Front Row Reviews

“Sylvia” Portrays The Bond of Canine Companionship

 David Shirk (Greg), Melody Payne (Sylvia) all photos by Miller Oberlin oberlinphotography.com

A.R. Gurney introduces us to “Sylvia,” a canine rescue that steals the show at Sonoma Arts Live. A truth well-known to most dog owners: Introducing four-legged friends into any family inevitably alters the whole family dynamic. Sylvia, played by tail-wagging, couch-stealing, overly-affectionate human, Melody Payne, barrels her way into her new family and into our hearts.

Payne’s portrayal deserves accolades akin to an Energizer Bunny award for her boundless energy humanizing the endearing traits of our dogs. Despite my initial skepticism of casting a woman as a dog and the old-fashion play of two women vying for a man’s attention, Sylvia effortlessly steals the spotlight.

A.R. Gurney’s 1995 work carries traces of sexism, but my reservations were quickly overshadowed by the play’s humor and the heartwarming bond between dog and owner. The audience’s reaction of “Ahs” and “Ohs” amid the laughter echoes the audience’s feelings.

How often do dog lovers anthropomorphize their pets? Yes, often. Despite the predictability of the plot and its eventual resolution, the play is elevated by the charming portrayal of Sylvia, brought to life with remarkable detail through Kate Leland’s exquisite dog costumes. Sylvia models a red velvet garb befitting a French Poodle, and speaks French!

Elite Greg, well-played by David Shirk, struggles with a mid-life crisis. While strolling in Central Park, he finds a stray, Sylvia, and it is love at first sight. Greg immediately decides to bring Sylvia home to meet his wife, career focused Kate. Stoic Kate, played by talented Jill Zimmerman teaches Shakespeare to inner-city teens.

However, Kate’s initial annoyance at Sylvia’s intrusion, dismissed as a mere “possible Poodle mix,” intensifies as she witnesses the unmistakable obsessive bond between her husband and the dog. Desiring freedom from the responsibilities of dog ownership, Kate’s frustration mounts, compounded by Sylvia’s exuberant antics, which constantly challenge her patience. She and Greg argue about their future. Kate calls Sylvia, “Saliva”, and quotes terse Shakespeare lines to the audience, indignant and angry at Greg, at the end of scenes.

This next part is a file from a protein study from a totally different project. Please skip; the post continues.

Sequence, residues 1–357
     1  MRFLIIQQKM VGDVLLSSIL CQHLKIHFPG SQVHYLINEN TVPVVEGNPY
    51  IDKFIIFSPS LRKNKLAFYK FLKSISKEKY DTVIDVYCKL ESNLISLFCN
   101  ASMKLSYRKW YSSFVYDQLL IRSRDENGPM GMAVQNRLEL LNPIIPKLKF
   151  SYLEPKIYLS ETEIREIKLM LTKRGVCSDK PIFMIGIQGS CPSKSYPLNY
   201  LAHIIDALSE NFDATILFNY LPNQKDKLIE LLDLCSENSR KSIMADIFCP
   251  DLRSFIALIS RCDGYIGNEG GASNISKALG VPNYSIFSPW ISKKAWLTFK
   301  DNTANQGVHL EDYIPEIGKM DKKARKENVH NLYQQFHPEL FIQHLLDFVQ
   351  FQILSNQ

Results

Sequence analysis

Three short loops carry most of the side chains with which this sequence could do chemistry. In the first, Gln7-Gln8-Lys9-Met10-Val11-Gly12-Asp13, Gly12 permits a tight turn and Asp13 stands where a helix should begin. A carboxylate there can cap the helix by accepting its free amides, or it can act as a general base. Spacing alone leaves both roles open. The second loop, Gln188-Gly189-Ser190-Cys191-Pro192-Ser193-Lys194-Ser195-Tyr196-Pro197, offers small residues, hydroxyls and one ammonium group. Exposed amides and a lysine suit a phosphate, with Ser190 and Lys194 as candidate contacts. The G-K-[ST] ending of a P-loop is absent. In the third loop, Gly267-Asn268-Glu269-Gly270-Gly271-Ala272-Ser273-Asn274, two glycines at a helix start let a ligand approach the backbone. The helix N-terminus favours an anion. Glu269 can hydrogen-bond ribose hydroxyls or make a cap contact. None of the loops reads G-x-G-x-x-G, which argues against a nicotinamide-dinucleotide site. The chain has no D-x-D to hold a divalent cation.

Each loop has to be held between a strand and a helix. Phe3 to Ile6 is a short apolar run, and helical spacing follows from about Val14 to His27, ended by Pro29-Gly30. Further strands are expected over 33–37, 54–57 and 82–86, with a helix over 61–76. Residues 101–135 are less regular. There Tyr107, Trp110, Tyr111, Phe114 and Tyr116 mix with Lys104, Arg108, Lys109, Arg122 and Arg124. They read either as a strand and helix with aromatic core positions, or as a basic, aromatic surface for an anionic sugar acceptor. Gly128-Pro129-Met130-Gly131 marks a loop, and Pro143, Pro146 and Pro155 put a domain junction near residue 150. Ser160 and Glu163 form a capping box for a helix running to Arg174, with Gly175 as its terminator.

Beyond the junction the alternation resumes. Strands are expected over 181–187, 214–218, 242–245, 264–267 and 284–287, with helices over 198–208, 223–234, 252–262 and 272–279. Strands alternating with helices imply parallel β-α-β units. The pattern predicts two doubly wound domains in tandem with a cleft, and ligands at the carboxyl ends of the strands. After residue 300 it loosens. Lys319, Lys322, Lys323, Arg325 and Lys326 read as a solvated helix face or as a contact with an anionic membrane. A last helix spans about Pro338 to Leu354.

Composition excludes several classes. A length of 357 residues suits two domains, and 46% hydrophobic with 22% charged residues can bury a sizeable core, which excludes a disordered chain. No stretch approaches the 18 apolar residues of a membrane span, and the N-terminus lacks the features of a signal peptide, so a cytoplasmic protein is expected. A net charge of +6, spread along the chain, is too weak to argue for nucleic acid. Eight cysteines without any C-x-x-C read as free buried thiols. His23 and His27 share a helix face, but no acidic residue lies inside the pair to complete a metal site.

Melody Payne (Sylvia), Jill Zimmerman (Kate)

Each scene unfolds with humor underscored by musical interludes like the nostalgic “Me and Mrs. Jones,” and the sentimental “Every time We Say Goodbye.” The various Music and Sounds by Ellen Peterson and Carl Jordan deepen the evolving dynamics between the characters.

The minimalist set, crafted by Director Carl Jordan, comes alive through clever projections showcasing the condo complex, the New York City skyline, and the serene beauty of Central Park. At the forefront, a leather couch, recliner, and Kate’s work desk set the scene for the unfolding drama.

As Greg and Sylvia become regulars at the nearby dog park, they encounter the outspoken Tom, portrayed by the macho Mike Pavone, who embodies the essence of a quintessential New Yorker. Tom’s musings on the true nature of “Canis Americanus” dog from wolf, provide both comic relief and insight into the canine psyche, and their primitive urges, while Sylvia humps Bowser behind bushes.

                                                      Mike Pavone (Tom, Phyllis, Leslie), David Shirk (Greg)

Pavone seamlessly transitions into two other roles: Leslie, a comically sexually ambiguous marriage counselor dressed in black and white. She offers unconventional advice to Kate amidst Grieg’s uproariously funny love monologue about Sylvia. Leslie suggests Kate “divorce Greg and buy a gun to shoot the dog.” Not only does Pavone embody Leslie with aplomb, but also Phyllis, Kate’s pretentious East Side friend, exuding an air of entitlement and disdain with note-perfect flair.

Carl Jordan’s direction is amazing. Keeping the pace tight, and the timing and flow of humor perfect.  The acting impressed me, especially the naturalism of the characters. Payne as a dog that resembled my Black Lab was hysterical. 

Don’t miss a night of hilarity and touching scenes. Experience how a dog can change one’s life for the better. You may even want to go and rescue a four-legged canine friend, or maybe another. Either way, Sonoma Arts Live does it again. A sure winner of Comedy.

“Sylvia” written by A.R. Gurney, directed by Carl Jordan, at Sonoma Arts Live,
www.sonomaartslive.org, Somona, California, to Sunday, February 18th.

cast: David Shirk, Mike Pavone, Melody Payne, Jill Zimmerman